What an ideal time to be given this writing assignment. Had I been asked to write about what was under my bed six months ago I would have cringed. Not just about mustering up the courage to write but also the embarrassment of what I would have found there. As luck would have it we re-carpeted in the interim. No, we didn’t rush into anything. It took us 25 years to replace the carpet that was old when we moved in. It wasn’t the money, but the seemingly insurmountable task of moving lots of furniture around in small upstairs attic rooms. Not that we planned to move the furniture ourselves; even finding someone to pay for this seemed out of the realm of possibility. Or maybe it was easier to brush under the rug.
A brave, large, congenial man, probably hungry for income, happily accepted the job. He thought he could find help, but his assistants never showed. The sweat poured out his pores and the antique furniture got nicked. Overwhelmed, he never reinstalled the closet doors.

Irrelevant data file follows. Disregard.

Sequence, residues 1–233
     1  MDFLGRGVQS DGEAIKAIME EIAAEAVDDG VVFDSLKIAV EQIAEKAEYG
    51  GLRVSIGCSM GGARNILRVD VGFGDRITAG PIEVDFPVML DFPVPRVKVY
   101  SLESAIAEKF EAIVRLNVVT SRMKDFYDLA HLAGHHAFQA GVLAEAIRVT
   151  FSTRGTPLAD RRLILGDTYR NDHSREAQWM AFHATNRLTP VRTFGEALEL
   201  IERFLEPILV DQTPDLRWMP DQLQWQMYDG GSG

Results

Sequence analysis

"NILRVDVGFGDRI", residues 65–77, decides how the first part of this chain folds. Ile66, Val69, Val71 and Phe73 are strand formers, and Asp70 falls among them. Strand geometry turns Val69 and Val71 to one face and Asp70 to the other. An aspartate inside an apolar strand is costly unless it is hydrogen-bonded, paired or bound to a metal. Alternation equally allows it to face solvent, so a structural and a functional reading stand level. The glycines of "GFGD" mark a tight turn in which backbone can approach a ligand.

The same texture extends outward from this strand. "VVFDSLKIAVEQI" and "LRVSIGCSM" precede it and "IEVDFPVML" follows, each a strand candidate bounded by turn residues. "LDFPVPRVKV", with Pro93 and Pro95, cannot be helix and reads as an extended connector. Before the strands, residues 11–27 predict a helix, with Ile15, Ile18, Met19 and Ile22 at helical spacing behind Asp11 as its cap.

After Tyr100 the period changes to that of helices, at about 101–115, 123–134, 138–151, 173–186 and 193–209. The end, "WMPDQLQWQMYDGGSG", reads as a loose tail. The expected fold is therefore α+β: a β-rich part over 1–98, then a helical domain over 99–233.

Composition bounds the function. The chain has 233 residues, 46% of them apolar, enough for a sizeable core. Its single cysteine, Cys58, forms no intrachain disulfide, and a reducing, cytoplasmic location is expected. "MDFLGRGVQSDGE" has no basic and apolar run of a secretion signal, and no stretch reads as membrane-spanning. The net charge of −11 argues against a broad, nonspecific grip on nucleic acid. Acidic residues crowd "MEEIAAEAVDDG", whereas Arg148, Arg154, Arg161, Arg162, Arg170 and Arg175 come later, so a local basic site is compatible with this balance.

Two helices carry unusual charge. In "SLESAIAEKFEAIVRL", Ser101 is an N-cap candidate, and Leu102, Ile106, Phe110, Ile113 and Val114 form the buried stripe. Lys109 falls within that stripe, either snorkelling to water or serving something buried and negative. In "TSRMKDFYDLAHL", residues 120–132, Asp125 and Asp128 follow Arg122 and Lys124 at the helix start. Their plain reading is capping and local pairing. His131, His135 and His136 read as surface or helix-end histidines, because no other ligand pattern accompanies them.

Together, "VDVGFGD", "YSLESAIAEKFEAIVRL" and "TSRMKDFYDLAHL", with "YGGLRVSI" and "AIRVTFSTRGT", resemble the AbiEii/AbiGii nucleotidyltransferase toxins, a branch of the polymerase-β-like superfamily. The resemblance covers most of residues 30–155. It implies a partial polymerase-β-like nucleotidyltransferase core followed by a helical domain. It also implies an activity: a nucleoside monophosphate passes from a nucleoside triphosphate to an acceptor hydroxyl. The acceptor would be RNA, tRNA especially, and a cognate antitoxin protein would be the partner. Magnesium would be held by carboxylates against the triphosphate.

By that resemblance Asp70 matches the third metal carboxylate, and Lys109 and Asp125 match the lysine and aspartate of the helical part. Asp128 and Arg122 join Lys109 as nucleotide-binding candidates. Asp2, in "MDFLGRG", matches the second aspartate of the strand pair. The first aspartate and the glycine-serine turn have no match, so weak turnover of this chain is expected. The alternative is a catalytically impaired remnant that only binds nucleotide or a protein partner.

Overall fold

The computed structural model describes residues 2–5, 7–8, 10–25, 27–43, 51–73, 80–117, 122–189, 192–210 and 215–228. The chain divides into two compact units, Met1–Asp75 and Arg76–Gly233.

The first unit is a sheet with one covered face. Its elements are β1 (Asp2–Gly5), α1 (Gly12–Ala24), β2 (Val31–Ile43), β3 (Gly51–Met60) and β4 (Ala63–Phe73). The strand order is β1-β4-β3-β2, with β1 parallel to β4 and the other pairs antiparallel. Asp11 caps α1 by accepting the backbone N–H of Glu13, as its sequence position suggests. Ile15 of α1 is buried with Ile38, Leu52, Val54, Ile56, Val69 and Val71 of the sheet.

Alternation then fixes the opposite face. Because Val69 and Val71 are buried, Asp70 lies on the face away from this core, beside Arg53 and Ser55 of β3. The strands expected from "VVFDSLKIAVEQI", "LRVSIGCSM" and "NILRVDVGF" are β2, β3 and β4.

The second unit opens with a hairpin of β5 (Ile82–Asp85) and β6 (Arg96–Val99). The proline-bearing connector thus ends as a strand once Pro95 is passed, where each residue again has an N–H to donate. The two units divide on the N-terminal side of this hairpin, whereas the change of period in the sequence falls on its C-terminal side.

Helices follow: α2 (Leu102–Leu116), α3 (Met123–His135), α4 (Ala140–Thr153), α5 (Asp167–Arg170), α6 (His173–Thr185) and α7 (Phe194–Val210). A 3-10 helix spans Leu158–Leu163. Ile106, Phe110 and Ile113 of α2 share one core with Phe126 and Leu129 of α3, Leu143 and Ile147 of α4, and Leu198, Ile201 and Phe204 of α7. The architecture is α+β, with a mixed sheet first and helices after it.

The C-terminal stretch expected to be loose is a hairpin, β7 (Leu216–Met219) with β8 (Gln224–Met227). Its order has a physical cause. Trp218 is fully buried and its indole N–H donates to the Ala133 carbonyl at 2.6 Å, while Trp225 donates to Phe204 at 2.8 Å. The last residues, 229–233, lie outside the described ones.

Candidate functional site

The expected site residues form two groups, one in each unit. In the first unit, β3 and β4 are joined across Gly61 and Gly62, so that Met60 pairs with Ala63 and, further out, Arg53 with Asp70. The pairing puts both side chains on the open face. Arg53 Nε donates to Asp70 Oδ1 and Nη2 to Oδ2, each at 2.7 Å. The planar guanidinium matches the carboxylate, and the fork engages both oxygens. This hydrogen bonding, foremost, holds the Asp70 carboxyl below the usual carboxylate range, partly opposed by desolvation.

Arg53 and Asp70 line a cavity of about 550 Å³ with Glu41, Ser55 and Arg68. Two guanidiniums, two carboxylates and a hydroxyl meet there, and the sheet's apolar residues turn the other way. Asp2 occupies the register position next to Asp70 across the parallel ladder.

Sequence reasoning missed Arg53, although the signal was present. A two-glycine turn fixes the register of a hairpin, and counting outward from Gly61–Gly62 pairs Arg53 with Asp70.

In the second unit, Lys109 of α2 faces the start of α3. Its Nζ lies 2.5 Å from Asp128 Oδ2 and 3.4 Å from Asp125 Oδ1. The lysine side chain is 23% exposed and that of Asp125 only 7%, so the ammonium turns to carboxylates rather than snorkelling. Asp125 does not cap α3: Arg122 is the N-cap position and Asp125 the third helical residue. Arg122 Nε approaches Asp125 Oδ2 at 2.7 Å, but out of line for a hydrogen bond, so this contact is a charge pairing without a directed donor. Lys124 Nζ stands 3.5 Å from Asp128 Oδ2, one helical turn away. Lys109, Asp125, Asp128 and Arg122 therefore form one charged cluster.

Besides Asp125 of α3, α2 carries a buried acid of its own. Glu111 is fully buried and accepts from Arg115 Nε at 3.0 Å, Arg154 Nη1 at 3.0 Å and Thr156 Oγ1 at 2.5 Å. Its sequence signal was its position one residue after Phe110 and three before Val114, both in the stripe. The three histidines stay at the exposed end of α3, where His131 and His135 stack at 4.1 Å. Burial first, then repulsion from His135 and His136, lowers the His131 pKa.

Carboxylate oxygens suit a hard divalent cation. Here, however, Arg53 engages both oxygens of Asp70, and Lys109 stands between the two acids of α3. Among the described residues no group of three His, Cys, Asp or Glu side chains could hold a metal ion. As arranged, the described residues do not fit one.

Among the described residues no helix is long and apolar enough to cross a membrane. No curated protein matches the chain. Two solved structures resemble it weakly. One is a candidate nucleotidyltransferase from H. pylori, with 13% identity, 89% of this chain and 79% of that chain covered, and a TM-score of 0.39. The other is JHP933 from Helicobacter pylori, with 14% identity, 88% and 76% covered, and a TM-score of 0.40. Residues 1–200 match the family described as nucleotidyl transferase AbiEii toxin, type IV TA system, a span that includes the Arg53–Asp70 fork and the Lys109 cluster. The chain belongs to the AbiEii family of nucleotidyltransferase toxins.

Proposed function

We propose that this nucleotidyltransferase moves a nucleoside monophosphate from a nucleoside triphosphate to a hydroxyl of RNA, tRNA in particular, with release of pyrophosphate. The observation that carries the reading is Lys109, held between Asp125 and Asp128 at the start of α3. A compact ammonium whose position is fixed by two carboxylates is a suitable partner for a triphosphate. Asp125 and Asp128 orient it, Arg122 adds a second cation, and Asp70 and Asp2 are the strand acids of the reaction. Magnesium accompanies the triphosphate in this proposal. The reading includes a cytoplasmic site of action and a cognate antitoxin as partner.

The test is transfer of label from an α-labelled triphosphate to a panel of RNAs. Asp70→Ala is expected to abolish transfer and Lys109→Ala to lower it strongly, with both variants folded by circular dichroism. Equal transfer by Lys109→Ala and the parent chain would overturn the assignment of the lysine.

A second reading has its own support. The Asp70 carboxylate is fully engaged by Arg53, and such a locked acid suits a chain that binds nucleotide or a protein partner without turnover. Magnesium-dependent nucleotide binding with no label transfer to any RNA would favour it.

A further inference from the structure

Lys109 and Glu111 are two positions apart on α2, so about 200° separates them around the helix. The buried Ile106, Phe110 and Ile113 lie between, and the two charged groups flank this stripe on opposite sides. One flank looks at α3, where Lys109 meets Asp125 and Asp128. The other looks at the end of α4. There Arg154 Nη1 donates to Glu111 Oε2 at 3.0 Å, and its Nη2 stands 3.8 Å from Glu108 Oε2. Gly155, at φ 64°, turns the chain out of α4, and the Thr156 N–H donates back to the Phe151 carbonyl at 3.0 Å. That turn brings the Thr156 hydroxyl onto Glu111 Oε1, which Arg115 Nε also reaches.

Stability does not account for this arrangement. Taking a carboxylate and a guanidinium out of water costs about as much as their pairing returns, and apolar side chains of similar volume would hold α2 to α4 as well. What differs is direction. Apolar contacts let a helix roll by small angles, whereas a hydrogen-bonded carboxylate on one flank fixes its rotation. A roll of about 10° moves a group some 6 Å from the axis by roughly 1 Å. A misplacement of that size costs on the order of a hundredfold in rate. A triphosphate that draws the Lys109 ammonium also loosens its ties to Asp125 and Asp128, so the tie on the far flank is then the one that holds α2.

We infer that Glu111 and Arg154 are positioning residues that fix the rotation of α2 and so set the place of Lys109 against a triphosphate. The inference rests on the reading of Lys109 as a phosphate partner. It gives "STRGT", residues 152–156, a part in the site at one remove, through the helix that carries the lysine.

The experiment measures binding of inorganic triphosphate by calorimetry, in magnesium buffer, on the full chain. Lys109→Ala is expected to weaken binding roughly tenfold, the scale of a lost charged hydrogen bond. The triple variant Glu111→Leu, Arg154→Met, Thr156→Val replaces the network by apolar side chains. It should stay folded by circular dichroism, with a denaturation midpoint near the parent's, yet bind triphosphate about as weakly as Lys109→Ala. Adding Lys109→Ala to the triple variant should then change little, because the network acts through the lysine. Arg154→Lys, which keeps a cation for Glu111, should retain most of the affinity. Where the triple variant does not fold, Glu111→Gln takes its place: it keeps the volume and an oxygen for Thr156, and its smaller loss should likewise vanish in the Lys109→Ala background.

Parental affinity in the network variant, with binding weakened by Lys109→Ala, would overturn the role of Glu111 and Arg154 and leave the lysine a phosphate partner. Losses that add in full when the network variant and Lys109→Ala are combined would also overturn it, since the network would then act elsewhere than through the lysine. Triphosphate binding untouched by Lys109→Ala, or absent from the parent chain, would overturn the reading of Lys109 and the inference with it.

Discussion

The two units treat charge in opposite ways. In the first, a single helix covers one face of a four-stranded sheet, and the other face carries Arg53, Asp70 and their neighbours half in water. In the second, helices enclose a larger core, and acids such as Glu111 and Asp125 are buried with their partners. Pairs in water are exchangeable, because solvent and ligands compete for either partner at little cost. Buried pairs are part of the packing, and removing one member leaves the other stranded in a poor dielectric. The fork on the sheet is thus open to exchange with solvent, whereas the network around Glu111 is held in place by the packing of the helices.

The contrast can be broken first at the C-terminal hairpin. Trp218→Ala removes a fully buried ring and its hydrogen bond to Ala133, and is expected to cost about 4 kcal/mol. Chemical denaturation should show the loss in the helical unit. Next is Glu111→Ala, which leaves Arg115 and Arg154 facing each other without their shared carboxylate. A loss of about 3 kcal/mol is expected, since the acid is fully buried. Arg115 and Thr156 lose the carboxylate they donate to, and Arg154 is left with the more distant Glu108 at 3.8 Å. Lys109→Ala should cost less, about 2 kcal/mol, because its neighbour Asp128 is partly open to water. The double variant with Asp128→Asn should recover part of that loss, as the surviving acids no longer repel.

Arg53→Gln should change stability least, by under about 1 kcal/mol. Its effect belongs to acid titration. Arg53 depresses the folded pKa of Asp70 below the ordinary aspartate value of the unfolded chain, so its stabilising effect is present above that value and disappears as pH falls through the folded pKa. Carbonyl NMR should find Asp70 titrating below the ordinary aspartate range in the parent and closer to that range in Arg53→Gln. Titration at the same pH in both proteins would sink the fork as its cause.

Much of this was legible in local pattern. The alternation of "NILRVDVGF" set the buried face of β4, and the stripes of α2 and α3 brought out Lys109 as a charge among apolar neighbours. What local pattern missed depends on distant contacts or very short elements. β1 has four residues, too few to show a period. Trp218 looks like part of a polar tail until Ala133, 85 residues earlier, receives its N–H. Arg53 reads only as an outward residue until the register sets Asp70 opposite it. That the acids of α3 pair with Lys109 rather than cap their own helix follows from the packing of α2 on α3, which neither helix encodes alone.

Now for a peek under my bed. Only one plastic box with the controls from my electric blanket which likely does not work anymore. The beautiful new grey speckled rug camouflages the few dust bunnies.
You might wonder what Buddhist teaching are revealed by this mundane experience? Had you looked under my bed six months ago you might have thought of me as a slovenly woman or more kindly as someone unconcerned about housekeeping. Had you looked under my bed today you might consider me a tidy person. I am neither: I am both. Or from a Buddha/dharma point of view, as conditions change our sense of self and others changes. Often this concerns matters of much greater consequence than what is under my bed, more likely what is in my heart and mind.